Happy Birthday, Plato!
I have a thing for Greek men – not exclusively, of course. One in particular will be nearing his 2,450th birthday: in 14th&15th Century Florence, a banquet was held on November 7th, hosted by Cosimo D’ Medici to commemorate the birth of the philosopher Plato who was born sometime around 424 B.C.
Plato’s works, I think, are some of the most readable of the ancient philosophers: the Dialogues provide a reader-friendly layout of his system of thought, and his use of metaphorical language render some potentially desert dry ideas to flow out and flower into life changing concepts.
Most particular to this blog is his “Simile of the Cave” found to be one of the jewels in his crown of political thought, The Republic. In brief, Plato used the image of a group of men living their whole lives chained in a cave. Their perception of what is real is the result of being able to see only shadows of workers carrying stones – they are projected onto the cave wall by a fire that burns behind a large rock which the chained men cannot see. They believe the shadows to be actual people. One man is freed and led up to the fire behind the rock and eventually up and out of the cave to see the world as it is, enlightened by the sun. Once his eyes adjust to the light he begins to understand the difference between Illusion and Reality. Returning to his comrades in the cave, he stumbles in the darkness and is ridiculed by the others for ruining his eyesight. They refuse to be released in order to follow him.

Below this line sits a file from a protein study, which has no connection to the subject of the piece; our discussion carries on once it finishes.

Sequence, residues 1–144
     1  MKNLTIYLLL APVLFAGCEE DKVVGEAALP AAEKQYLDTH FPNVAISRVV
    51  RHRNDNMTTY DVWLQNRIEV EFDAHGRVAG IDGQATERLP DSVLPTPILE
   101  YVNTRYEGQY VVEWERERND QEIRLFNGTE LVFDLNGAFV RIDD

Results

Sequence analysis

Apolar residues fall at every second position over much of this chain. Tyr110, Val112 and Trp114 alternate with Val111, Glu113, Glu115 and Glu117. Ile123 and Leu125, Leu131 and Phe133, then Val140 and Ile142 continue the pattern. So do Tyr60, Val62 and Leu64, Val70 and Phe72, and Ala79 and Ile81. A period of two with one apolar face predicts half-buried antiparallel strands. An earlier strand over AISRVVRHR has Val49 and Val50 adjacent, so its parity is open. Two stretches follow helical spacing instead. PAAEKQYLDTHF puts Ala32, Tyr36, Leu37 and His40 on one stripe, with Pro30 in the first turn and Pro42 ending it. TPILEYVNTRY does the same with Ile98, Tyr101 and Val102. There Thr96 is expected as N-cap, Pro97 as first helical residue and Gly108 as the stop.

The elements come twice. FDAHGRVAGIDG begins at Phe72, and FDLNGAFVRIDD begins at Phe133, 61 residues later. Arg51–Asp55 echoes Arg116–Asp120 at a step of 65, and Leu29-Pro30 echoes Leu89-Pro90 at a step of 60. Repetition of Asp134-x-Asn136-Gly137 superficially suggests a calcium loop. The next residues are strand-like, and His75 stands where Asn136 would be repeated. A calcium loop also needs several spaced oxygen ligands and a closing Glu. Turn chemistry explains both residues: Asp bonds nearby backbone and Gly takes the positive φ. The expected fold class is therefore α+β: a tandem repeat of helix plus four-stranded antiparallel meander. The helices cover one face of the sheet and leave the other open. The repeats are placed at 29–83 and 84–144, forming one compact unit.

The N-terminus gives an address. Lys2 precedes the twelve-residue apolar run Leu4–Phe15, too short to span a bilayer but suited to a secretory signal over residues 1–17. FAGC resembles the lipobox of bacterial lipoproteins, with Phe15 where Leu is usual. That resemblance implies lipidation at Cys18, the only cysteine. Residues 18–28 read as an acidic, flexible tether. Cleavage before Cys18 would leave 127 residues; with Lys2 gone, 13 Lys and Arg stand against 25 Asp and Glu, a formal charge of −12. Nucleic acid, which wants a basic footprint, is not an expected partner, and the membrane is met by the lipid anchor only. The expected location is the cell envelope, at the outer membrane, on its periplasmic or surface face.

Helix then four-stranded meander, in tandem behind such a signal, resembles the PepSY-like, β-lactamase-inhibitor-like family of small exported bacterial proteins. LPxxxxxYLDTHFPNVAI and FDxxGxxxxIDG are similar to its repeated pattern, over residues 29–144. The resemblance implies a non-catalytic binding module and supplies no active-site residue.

Plato illustrates the responsibilities and pitfalls of the Philosopher-King who is charged with governing the Republic. The Wise One must bring his subjects into the light of Reason and, as a result, risk rejection and possibly even death. Doubtless, Plato’s mentor,Socrates’ court-mandated suicide/execution played a part in the simile.
So many centuries later we’re still nestled in the Cave. Government leaders across the globe base decisions for the most part on political expediencies and lust for money and power with peoples on all continents content with the darkness of Illusion, oblivious to the reality of the sun, or without hope of being freed from the chains. Reading and studying the Ancients are a necessary step to resolving many of the ills that plague our world. Solutions have been proposed but the will to see them through is lacking. We seem to rest secure with leaders who reinvent the wheel – unfortunately, the wheel is square and useless for getting further down the road to a more humane and just society.